Wednesday, July 30, 2008

New parking fine threat to motorists ...

and another licence to print money for the councils. When inconsiderate parking was handled by the Police any argument could be heard before a court of law ... but more importantly, proper consideration would be given to the gravity of the situation because the Police did not have a financial interest in the outcome.
Now vehicles can be fined but the problem remains as the vehicle will still be 'causing the alleged obstruction.' The only difference is that the more tickets issued the richer the councils become. Also bear in mind that to prove your innocence your only option is to go before an adjudicator ... who is funded by the very system he is being asked to deliberate upon.

This lawless 'civil enforcement' has torn up the rules of justice and fairness and continues to ride roughshod over the country's motorists. At what point will you say enough is enough ... when YOU are fined £120 for being 51cm away from the kerb?

New parking fine threat to motorists
Millions of motorists risk being fined up to £70 for "anti-social parking" such as parking more than 19 inches from the kerb even if there are no warning signs under new proposals unveiled by the Government.

By David Millward, Transport Editor
Daily Telegraph
29 Jul 2008

Drivers who park too far from the kerb or by a dropped kerb would be at risk of receiving a penalty charge.

The Department for Transport is ready to allow councils to impose fines even where no warning signs which note restrictions have been placed.

This would hit motorists who are guilty of "inconsiderate parking", such as leaving their cars more than 19.7 inches (50cm) from the kerb.

Drivers who park by a dropped kerb would also be at risk of receiving a penalty charge notice from a council traffic warden – now known as a civil enforcement officer.

Under existing arrangements police have the right to remove a car which is causing an obstruction – such as double parking and blocking in another motorist.
They can also move cars left by dropped kerbs when there is a complaint – for example from someone whose driveway has been blocked.
Councils, however, can only issue fines when they put up notices making it clear to motorists that parking restrictions are in force.

Motoring campaigners fear that town halls will capitalise on these new powers just as they did when they were first given the right to control parking and pocket the fines under "decriminalisation".
"Nuisance parking should be tackled and the original intention of the guidance was to give drivers half a chance from committing an offence," said Paul Watters, head of roads policy at the AA.
"Now it seems now that councils want the powers to levy fines without any responsibility to deter unwelcome parking and worse they do not have to prove anything if it came to an appeal.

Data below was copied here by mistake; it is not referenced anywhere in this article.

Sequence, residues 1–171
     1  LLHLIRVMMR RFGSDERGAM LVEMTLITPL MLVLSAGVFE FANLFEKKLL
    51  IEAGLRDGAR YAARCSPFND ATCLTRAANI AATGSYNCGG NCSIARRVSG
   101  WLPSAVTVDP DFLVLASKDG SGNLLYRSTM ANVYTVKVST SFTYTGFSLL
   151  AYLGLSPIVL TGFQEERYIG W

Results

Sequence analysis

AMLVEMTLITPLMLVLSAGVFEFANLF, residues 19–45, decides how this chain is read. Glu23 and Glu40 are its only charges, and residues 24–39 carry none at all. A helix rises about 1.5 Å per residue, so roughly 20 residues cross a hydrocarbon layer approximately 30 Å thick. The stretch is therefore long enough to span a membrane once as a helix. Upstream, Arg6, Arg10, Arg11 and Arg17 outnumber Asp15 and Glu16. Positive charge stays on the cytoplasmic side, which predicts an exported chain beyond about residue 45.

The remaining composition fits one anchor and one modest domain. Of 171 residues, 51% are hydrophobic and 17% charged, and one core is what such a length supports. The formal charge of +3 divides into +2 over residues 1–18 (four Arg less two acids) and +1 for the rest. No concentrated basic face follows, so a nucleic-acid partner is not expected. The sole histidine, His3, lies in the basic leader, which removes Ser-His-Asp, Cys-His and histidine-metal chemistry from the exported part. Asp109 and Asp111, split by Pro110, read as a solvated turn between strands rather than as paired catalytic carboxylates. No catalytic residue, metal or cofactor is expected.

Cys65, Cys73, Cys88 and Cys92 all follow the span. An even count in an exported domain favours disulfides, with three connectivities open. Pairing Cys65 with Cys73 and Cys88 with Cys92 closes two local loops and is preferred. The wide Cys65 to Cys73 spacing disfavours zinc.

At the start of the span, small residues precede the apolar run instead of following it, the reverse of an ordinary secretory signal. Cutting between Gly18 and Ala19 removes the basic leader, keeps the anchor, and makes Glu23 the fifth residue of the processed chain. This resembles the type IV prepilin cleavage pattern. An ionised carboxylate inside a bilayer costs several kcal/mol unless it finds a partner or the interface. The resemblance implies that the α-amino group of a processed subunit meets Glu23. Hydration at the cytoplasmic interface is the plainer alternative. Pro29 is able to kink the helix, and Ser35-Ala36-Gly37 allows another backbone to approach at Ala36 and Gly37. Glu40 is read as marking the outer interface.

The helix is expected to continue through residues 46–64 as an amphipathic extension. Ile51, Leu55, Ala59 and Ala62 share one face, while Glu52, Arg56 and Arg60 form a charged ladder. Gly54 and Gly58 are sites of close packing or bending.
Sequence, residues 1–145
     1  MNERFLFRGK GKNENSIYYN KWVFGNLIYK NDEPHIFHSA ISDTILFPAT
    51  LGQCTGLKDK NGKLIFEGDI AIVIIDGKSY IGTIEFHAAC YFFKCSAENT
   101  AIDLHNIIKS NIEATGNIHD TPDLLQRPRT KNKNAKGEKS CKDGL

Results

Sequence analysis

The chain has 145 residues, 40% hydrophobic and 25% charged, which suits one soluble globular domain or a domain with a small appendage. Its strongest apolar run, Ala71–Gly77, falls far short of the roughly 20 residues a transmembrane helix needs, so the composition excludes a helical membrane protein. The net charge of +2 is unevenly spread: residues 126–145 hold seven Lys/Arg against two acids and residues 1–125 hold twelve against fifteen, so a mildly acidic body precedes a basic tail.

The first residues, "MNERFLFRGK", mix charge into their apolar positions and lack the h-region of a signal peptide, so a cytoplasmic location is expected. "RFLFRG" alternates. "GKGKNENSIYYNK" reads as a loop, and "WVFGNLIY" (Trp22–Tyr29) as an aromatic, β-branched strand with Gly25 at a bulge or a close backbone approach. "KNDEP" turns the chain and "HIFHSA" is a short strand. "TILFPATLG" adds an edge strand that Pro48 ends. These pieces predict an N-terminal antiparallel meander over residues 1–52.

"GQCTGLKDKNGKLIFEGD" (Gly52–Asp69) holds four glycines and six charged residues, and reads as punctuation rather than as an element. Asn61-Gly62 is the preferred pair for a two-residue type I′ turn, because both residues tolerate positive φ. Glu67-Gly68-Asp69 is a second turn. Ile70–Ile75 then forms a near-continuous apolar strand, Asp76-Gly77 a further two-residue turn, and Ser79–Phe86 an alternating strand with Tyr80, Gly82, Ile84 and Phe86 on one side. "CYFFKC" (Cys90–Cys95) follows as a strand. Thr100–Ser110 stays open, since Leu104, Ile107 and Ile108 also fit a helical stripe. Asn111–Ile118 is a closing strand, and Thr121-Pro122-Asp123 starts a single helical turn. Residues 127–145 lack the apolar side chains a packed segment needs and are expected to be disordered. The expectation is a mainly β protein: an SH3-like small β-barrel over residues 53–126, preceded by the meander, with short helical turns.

"The current position has worked well as blatant obstruction was always simple to deal with.
"If a car is causing a problem it is towed way. It's as simple as that.
"These proposals introduce a massive grey area which will lead to countless disputes where motorists will say they were unaware they were doing anything wrong.
"The danger is that if councils can make money out of this they will."

Barrie Segal, whose organisation AppealNow regularly takes up the case of thousands of motorists, was equally horrified.
"If councils get these powers, the number of tickets will zoom."

But Rosie Winternton, the roads minister, defended the changes. "Dropped footways are provided to help wheelchair users and those with powered mobility vehicles or prams get around easily and safely. They also allow residents to easily reach their garages or park on their driveways."
The minister also insisted that action against double parking was essential, describing it as an “anti-social activity that causes an unnecessary obstruction of the road, putting all other road users at risk.”
The changes will apply to councils outside London which will be brought into line with authorities within the capital.

Motoring organisations’ biggest fear is that those who are caught by the changes will have no knowledge that they are even parking illegally at all.

In some cases confusion could arise with motorists - and council traffic wardens - unsure whether cars have been parked next to a kerb which has been lowered to allow wheelchair access or one which is merely worn down.
However the Government believes the changes are justified and that forcing councils to put up signs would add to “street clutter”.


WearsideJ said...

50cm is a bit far a kerb though to be fair. we don't have massive roads everywhere and I've seen massive problems because some &$%"! has parked like a moron less than 50cm from the kerb (Pallion Road) causing considerable tailbacks.

More powers to 'fine' to local authorities isn't the answer I will concede, those megalomaniacs need powers reducing not increasing.

chris w said...

PLease note the insrtuction to issue PCNs for parking more than 51cm from the kerb appears to already be in force in some boroughs. I live in Haringey, North London and observed a council warden with steel tape, camera and ticket pad at the ready in June of this year. I asked what he was doing and he explained the new instructions he had been given.I observed this seemed somewhat harsh. He shrugged, laughed, bent down to measure and then began to issue his PCN

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